Anthology of Graphic Fiction, Cartoons, & True Stories

Anthology of Graphic Fiction, Cartoons, & True Stories

Book - 2006-
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Comic art is a vital, highly personal art form in which change--rapid and unpredictable--is the norm. In this exciting new anthology, comic artist Ivan Brunetti focuses on very recent works by contemporary artists engaged in this world of change. These outstanding cartoonists, selected by Brunetti for their graphic sophistication and literary style, are both expanding and transforming the vocabulary of their genre.

The book presents contemporary art comics produced by 75 artists, along with some classic comic strips and other related fine art and historical materials. Brunetti arranges the book to reflect the creative process itself, connecting stories and art to each other in surprising ways: nonlinear, elliptical, sometimes whimsical, even poetic. He emphasizes continuity from piece to piece, weaving themes and motifs throughout the volume.

As gorgeously produced as Brunetti's previous anthology of graphic fiction, this book does full justice to the creative work of Art Spiegelman, Chris Ware, Charles Burns, Gary Panter, and the other prominent or emerging comic artists who are currently at work at the cutting edge of their medium.

Publisher: New Haven : Yale University Press, <c2006- >
ISBN: 9780300126716
Branch Call Number: 741.5 An86b v2
Characteristics: v. (1-2 ) : ill. (some col.) ; 27 cm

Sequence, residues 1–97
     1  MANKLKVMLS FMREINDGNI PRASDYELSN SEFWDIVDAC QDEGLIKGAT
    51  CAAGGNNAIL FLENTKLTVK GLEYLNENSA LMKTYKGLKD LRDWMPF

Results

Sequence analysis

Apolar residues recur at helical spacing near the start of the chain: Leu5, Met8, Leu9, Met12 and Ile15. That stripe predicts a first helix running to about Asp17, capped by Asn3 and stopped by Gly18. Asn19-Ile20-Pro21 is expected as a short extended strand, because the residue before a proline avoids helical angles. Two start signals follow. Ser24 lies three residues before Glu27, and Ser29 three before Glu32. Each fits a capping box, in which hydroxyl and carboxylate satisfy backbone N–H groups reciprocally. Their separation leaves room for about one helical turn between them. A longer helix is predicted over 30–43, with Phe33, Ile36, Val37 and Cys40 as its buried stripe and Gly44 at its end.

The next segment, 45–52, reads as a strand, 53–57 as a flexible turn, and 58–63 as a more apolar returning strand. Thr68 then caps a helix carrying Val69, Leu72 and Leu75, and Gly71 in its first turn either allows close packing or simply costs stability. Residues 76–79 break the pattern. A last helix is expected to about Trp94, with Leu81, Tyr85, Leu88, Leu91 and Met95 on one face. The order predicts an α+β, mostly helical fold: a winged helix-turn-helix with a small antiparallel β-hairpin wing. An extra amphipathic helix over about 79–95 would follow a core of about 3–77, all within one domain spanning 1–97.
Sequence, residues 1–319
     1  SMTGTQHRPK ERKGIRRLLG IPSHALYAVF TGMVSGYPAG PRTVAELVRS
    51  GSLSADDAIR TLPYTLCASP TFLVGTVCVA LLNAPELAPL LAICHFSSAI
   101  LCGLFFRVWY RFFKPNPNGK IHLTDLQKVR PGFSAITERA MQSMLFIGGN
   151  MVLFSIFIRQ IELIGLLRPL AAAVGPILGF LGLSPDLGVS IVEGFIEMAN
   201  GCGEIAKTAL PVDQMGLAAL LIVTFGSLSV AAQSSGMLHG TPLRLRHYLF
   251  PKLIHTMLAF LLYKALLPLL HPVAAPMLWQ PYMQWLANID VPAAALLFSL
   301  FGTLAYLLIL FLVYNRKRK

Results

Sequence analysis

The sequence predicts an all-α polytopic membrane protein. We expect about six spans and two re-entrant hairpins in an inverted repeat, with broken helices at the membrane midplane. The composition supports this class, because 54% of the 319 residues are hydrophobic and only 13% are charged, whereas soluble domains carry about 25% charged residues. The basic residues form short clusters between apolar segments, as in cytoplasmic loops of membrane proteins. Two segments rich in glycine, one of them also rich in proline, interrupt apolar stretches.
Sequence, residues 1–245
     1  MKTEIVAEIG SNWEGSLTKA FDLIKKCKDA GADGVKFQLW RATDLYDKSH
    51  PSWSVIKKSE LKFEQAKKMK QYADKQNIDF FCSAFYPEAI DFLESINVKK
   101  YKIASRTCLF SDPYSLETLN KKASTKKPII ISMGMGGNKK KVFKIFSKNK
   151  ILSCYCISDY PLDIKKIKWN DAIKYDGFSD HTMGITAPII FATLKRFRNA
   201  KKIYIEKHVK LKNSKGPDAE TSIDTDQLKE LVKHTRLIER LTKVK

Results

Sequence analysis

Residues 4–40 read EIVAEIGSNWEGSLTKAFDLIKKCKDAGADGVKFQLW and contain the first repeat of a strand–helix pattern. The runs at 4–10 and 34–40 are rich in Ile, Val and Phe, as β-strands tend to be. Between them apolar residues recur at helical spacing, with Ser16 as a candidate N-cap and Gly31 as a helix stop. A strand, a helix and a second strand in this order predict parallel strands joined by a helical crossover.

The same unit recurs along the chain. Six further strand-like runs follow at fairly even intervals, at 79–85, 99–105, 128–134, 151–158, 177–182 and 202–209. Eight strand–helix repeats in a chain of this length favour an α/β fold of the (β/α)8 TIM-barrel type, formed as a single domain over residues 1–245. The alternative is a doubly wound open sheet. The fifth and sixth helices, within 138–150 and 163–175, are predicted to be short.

Additional Contributors: Brunetti, Ivan, ed


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Dec 11, 2015

Yeah, it's OK to read comics! I mean, "graphic fiction." Yale University Press said it's OK. This diverse and enjoyable anthology is another contribution to the mainstreaming of comics and its belated recognition as a legitamate art form. Editor Brunetti pulls together an impressive array of names, from forefathers like Charles Schultz to pioneers like Robert Crumb (possibly the most important comics figures of the past 40 years) and Art Speilgman to more recent talents like Chris Ware, Daniel Clowes, and Joe Sacco. Of course, his selection is somewhat subjective and most readers will quibble with at least some inclusions. At its worst, graphic fiction is badly drawn and seems little more than a parade of the author's neuroses and boring preoccupations. I don't know how guys like James Kochalka and Jeffry Brown got in. And where's Winsor "Little Nemo" McCay? But part of the function of such an anthology is to generate debate. A valuable, provocative collection that will no doubt find its way into emerging comics as lit classes.

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